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The Dependent Priories of Medieval English Monasteries

The Dependent Priories of Medieval English Monasteries

Volume: 22
Copyright Date: 2004
Published by: Boydell and Brewer,
Pages: 400
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  • Book Info
    The Dependent Priories of Medieval English Monasteries
    Book Description:

    Although hundreds of dependent priories were founded across medieval Europe, they remain little studied and much misunderstood. Usually dismissed as just administrative units, many were in fact genuine religious houses set up for spiritual reasons. This study charts for the first time the history of the 140 or so daughter houses of English monasteries, which have always been overshadowed by the French cells in England, the so-called alien priories. The first part of the book examines the reasons for the foundation of these monasteries and the relations between dependent priories and their mother houses, bishops and patrons. The second part investigates everyday life in cells, the priories' interaction with their neighbours and their economic viability. The unusual pattern of dissolution of these houses is also revealed. The experience of daughter houses sheds a great deal of light on the world of the small religious house, and suggests that these shadowy institutions were far more central to medieval religion and society than has been appreciated. MARTIN HEALE is Lecturer in Late Medieval History, University of Liverpool.

    eISBN: 978-1-84615-231-3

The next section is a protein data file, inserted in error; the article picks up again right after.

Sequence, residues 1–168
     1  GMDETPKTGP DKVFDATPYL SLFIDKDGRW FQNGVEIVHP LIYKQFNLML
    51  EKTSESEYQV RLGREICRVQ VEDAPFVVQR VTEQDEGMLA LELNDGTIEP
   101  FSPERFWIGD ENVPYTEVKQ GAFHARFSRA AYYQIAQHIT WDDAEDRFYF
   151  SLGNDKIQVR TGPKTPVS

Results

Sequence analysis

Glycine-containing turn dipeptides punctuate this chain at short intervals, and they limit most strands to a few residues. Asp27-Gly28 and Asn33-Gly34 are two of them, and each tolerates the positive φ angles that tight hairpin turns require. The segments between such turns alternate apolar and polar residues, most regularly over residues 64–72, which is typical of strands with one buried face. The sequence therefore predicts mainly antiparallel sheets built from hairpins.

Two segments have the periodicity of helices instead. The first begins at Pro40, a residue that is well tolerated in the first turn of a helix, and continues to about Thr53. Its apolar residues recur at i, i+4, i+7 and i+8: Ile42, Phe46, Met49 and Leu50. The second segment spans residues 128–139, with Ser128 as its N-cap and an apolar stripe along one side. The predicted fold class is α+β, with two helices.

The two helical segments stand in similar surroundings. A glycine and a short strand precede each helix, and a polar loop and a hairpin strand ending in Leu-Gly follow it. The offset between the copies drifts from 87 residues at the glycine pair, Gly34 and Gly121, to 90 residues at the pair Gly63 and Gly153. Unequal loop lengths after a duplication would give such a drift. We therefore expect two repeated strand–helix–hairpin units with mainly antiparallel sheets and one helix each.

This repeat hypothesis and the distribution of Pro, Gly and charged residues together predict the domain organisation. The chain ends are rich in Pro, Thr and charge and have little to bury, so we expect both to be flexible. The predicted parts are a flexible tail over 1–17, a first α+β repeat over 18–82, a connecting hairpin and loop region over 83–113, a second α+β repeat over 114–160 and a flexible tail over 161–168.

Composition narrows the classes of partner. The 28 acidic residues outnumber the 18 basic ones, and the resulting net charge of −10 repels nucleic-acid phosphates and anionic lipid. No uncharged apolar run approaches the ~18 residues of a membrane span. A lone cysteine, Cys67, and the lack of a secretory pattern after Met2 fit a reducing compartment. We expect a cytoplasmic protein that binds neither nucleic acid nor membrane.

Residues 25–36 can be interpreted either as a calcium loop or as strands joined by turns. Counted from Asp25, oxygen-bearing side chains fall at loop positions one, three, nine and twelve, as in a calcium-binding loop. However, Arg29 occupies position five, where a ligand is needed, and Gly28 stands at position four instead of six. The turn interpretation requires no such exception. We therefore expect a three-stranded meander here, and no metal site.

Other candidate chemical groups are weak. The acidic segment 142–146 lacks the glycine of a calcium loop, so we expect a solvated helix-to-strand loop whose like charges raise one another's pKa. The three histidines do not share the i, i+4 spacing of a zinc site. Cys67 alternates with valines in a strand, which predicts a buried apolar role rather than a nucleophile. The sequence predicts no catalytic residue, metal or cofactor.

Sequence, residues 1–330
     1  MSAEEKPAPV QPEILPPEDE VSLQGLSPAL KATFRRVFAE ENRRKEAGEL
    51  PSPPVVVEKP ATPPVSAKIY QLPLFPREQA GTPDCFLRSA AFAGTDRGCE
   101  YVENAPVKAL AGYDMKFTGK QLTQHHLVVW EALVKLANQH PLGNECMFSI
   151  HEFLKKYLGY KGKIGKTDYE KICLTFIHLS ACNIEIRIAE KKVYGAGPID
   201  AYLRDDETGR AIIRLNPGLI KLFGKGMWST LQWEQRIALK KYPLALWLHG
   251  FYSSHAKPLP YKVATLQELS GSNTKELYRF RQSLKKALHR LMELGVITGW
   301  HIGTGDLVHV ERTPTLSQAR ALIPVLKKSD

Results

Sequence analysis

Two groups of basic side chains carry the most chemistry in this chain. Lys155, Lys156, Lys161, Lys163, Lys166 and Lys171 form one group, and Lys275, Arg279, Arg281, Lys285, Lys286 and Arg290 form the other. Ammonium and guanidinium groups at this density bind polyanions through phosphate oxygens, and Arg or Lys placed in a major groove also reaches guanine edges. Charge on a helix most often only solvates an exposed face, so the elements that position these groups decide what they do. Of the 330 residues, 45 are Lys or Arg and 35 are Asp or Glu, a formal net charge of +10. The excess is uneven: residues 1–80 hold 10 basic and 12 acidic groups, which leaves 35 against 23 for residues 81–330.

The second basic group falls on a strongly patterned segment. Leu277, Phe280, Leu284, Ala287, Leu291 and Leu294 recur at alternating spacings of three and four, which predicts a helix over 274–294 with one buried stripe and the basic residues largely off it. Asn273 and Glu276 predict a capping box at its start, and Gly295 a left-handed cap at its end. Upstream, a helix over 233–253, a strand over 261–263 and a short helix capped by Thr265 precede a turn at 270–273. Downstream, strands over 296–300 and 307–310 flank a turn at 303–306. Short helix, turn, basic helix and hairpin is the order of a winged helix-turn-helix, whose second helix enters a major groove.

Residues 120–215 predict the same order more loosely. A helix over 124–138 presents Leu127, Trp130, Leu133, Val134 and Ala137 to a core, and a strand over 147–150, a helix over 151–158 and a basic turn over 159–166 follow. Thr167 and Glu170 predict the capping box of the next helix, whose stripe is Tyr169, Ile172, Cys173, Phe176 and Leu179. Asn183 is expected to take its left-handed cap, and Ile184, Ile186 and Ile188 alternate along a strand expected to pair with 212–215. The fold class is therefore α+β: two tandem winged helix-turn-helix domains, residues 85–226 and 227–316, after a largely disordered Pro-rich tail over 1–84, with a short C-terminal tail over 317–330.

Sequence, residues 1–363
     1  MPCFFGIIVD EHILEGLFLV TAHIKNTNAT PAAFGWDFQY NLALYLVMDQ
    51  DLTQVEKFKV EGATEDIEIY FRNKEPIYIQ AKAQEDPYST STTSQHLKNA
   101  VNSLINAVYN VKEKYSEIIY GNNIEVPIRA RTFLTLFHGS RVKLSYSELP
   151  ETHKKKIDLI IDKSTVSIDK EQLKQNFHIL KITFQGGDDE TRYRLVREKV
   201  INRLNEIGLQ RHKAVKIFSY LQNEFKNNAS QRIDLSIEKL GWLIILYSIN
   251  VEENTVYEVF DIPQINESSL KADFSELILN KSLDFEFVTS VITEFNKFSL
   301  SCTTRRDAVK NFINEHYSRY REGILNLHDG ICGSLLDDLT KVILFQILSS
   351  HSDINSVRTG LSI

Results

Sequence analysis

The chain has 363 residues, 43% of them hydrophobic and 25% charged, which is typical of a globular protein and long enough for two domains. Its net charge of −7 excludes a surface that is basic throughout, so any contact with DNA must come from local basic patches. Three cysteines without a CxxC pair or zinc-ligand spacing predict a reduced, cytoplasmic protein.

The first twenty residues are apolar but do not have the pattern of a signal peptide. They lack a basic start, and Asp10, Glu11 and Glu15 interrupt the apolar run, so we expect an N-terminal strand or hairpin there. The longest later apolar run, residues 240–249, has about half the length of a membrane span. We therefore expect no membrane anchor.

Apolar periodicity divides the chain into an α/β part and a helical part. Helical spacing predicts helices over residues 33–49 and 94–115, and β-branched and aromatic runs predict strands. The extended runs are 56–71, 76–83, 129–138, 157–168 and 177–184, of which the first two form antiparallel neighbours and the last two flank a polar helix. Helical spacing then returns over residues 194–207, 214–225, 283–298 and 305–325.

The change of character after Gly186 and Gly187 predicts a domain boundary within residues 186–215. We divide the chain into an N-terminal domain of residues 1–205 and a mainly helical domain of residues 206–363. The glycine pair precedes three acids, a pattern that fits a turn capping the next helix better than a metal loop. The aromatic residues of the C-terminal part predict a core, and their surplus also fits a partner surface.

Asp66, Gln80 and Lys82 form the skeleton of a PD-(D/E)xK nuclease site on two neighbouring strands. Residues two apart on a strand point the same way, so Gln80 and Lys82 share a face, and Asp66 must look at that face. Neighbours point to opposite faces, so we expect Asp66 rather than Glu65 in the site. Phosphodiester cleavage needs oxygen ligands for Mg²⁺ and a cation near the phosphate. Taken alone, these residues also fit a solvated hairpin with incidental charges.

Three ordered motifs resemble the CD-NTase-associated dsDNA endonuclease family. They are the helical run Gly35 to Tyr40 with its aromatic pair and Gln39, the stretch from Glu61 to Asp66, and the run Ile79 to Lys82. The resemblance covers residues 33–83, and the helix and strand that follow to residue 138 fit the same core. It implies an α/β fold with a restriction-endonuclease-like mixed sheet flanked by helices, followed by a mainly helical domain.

Subjects: History

Table of Contents

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  1. Front Matter
    (pp. i-iv)
  2. Table of Contents
    (pp. v-vi)
  3. List of Figures and Tables
    (pp. vii-viii)
  4. Acknowledgements
    (pp. ix-x)
    Martin Heale
  5. Abbreviations
    (pp. xi-xiii)
  6. Maps: The Dependent Priories of the Benedictine Monasteries of Medieval England (England and Wales)
    (pp. xiv-xx)
  7. Introduction
    (pp. 1-12)

    Of all the groups of religious houses in medieval England and Wales, the dependent priories of English monasteries are the least studied. This neglect can largely be attributed to the widespread belief that small daughter houses were unimportant appendages to their parent abbeys with no independent history of their own and often mere instruments of estate management. The more exotic ‘alien priories’, the satellites of French abbeys founded in England after the Conquest, have been able to attract considerable attention, primarily because of their dramatic suppression over a century before the general Dissolution;¹ but English dependencies have been much less...

  8. PART I: The Dependent Priory as Daughter House

    • 1 The Foundation of English Cells
      (pp. 15-63)

      The daughter house is as old as cenobitic monasticism itself. The first communal Christian monastery, established at Tabennisi in Egypt by Pachomius (286–346), soon became the head of a small but tightly-knit group of houses founded as its offshoots.¹ Yet although this structure held together after Pachomius’ death, it does not seem to have greatly influenced the development of Eastern monasticism. In the West, too, independent monasteries predominated. The first Frankish Council at Orléans in 511 and subsequent councils forbade the grouping together of monasteries under a single abbot, and the Rule of St Benedict (c.530×540) made no mention...

    • 2 The Constitutional Affairs of English Cells
      (pp. 64-113)

      The recorded history of English dependencies is littered with disputes. The many altercations involving cells, including some of the most interminable litigations known to medieval England, arose largely because daughter houses fell awkwardly between competing jurisdictions. The mother house, the cell itself, its patron and the ordinary (and to a lesser extent king and pope) all competed first to establish and then to defend the rights they believed were justly theirs. The normal relations between a monastery, its patron and its ecclesiastical overseer were thrown into confusion by the insertion of an additional jurisdiction, a mother house, whose jealous control...